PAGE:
Generally speaking, a predicate offence is a crime that is a component of a larger crime. In a financial context, the larger crime in question is money laundering, and predicate offences are any crime generating monetary proceeds that may become the subject of money laundering (i.e., corruption and bribery, fraud, tax crimes, etc.).

The EU Directive outlined 22 predicate offences for money laundering, providing clear definitions of each specific illegal act. Such a list was devised to pursue two goals:

  • To achieve an EU-wide homogeneous framework of what constitutes a predicate money laundering offense. All EU member states are now required to criminalize the same predicate offences.
  • To better reflect the evolving criminal landscape. The risks-scenario needed updates to include modern threats – whose primary example is cybercrime. This is the first time that cybercrime pops up in the AML law context.

EU organizations need to ensure that their AML programs can deal with the new risk environment. This may translate into better employee training to fight cyber-threats and adjustment of internal procedures to ensure the detection of suspicious activities linked to the predicate offenses.


2. Expanded regulatory scope to punish even those who have only had an “enabling” role

The previous directives mainly focused on those who actually commit money laundering and profit directly from the crime itself.

Under the 6AMLD, criminal liability (and penalties) is extended to those who act as accomplices in money laundering schemes. The specific expressions used in the official text are “aiding and abetting” and “attempting and inciting”. Consequently, anybody who intentionally assists, facilitates, or instigates the crime or hides or disguises illicit assets will be held legally responsible for their cooperation in the unlawful activity.

Therefore, the need for businesses operating in the EU to reinforce their compliance programs is once again stressed. EU firms should now make sure they can spot and prevent atypical “enabling” activities. To this end, they need to be able to unveil and react to any scams originating from fraudulent individuals or companies hiding in second-tier business relationships.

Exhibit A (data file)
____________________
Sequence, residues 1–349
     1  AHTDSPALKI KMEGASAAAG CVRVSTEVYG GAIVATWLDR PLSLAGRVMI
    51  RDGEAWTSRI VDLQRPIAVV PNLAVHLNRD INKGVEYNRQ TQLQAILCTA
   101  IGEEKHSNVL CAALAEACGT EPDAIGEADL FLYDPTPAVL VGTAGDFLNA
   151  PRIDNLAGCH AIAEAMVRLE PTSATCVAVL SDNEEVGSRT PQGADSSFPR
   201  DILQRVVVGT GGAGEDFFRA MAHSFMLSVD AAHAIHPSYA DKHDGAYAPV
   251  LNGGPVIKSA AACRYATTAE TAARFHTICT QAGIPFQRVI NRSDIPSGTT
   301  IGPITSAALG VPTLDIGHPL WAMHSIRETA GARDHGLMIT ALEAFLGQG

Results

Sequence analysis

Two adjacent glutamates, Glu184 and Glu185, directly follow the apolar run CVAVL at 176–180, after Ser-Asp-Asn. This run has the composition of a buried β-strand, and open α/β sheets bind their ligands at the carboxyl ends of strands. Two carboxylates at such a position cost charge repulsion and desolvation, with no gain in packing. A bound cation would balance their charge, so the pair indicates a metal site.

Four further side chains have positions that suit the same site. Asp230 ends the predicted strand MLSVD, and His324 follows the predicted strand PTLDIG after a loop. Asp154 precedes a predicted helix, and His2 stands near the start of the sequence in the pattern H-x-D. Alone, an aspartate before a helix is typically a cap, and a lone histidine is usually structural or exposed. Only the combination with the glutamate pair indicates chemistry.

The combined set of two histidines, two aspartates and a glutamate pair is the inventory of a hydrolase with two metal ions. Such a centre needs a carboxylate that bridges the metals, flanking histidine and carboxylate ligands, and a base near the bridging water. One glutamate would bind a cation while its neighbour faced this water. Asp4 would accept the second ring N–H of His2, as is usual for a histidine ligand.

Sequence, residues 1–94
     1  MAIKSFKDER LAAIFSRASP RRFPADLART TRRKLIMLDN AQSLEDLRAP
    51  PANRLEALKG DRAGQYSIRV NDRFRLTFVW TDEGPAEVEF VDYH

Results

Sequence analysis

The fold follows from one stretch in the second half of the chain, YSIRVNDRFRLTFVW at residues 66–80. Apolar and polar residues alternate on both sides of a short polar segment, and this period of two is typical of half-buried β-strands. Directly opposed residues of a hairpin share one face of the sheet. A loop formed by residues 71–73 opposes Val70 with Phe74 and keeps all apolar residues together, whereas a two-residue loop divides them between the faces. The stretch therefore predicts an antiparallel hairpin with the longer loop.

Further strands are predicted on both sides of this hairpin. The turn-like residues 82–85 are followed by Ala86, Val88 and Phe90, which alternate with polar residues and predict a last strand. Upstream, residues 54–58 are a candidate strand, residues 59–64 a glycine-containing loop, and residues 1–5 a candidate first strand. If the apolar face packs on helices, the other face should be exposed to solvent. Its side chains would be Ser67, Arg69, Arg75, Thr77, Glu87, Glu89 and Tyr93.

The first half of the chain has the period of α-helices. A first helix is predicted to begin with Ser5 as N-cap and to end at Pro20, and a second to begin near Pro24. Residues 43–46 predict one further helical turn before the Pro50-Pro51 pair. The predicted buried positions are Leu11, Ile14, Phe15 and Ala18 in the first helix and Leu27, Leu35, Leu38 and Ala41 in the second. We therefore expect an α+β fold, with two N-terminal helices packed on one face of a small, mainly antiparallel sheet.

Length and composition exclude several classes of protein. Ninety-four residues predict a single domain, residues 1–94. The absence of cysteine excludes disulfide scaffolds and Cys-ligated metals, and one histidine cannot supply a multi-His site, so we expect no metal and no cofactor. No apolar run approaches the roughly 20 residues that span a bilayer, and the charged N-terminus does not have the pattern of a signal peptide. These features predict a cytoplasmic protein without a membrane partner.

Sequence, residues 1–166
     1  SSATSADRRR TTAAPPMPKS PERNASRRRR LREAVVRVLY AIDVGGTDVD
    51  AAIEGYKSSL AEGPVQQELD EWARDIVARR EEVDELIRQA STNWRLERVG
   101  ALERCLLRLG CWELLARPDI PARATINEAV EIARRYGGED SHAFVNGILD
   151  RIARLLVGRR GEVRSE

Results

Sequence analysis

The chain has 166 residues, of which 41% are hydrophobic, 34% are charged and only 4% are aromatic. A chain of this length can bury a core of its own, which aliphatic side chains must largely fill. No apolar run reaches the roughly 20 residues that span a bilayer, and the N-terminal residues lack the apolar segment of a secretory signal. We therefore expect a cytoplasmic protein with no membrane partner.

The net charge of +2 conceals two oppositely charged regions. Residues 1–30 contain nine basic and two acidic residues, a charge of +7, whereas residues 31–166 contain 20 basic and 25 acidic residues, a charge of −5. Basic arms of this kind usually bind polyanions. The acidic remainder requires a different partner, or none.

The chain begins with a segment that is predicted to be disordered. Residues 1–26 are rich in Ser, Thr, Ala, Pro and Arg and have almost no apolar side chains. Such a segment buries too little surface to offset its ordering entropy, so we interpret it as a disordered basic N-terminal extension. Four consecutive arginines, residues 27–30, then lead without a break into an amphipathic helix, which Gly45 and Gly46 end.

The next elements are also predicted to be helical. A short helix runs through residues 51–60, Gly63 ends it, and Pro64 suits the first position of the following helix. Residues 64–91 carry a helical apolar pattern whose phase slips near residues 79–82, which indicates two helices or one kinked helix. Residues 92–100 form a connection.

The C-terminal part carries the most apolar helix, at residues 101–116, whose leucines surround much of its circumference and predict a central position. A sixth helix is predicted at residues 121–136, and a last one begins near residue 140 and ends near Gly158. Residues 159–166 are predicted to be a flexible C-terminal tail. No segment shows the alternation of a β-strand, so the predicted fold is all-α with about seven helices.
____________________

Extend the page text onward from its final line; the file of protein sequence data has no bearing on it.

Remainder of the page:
3. Extension of criminal liability to businesses

Prior to the 6AML Directive, only individuals could be convicted for committing financial crimes. The new rules extended the criminal liability to legal entities, such as companies and partnerships, as well as to their executives. Simply put, when an organization is caught involved in money laundering, the responsibility will not be placed only on the employees acting separately. The criminal liability will be ascribed on management and on the company itself as well. In such an event, the business may be subject to civil punishments – ranging from a temporary ban on operations, judicial supervision, or exclusion from accessing public funding, to permanent shut-down.

This is another critical shake-up to the traditional AML framework, as it’s the first time ever that a firm can be held accountable for money laundering. The Directive allows financial authorities to better target organizations by providing wider grounds for businesses’ prosecution. The failure to effectively prevent economic crimes, for instance, qualifies business leaders to experience penalties themselves, if they are found culpable of lack of supervision, control, and compliance.


4. Harsher penalties

The 6AMLD amended the punishment system regarding both imprisonment and economic fines. The maximum prison sentence term has been increased from one to four years (excluding aggravating circumstances). Besides, many EU member states already exceeded this limit and imposed longer sentences. Additional penalties may include exclusion from public benefits or aid, disqualification from commercial activities, judicial supervision, freezing or confiscating the property concerned, and more. Moreover, any sentence may be supplemented with sanctions and fines (up to €5Million), including the complete closure of a business.


5. Member-state (and companies) cooperation

The new update acknowledges that measures adopted solely at a national level, without taking into account international coordination, would have minimal effect. Hence, the 6AMLD aims at enabling more efficient and swifter cross-border collaboration between competent authorities in situations of dual criminality – i.e., where a financial crime takes place across two different Member States. In such a case, both jurisdictions need to be involved in the prosecution, assist each other, exchange information, and work together to centralize legal proceedings within a single jurisdiction.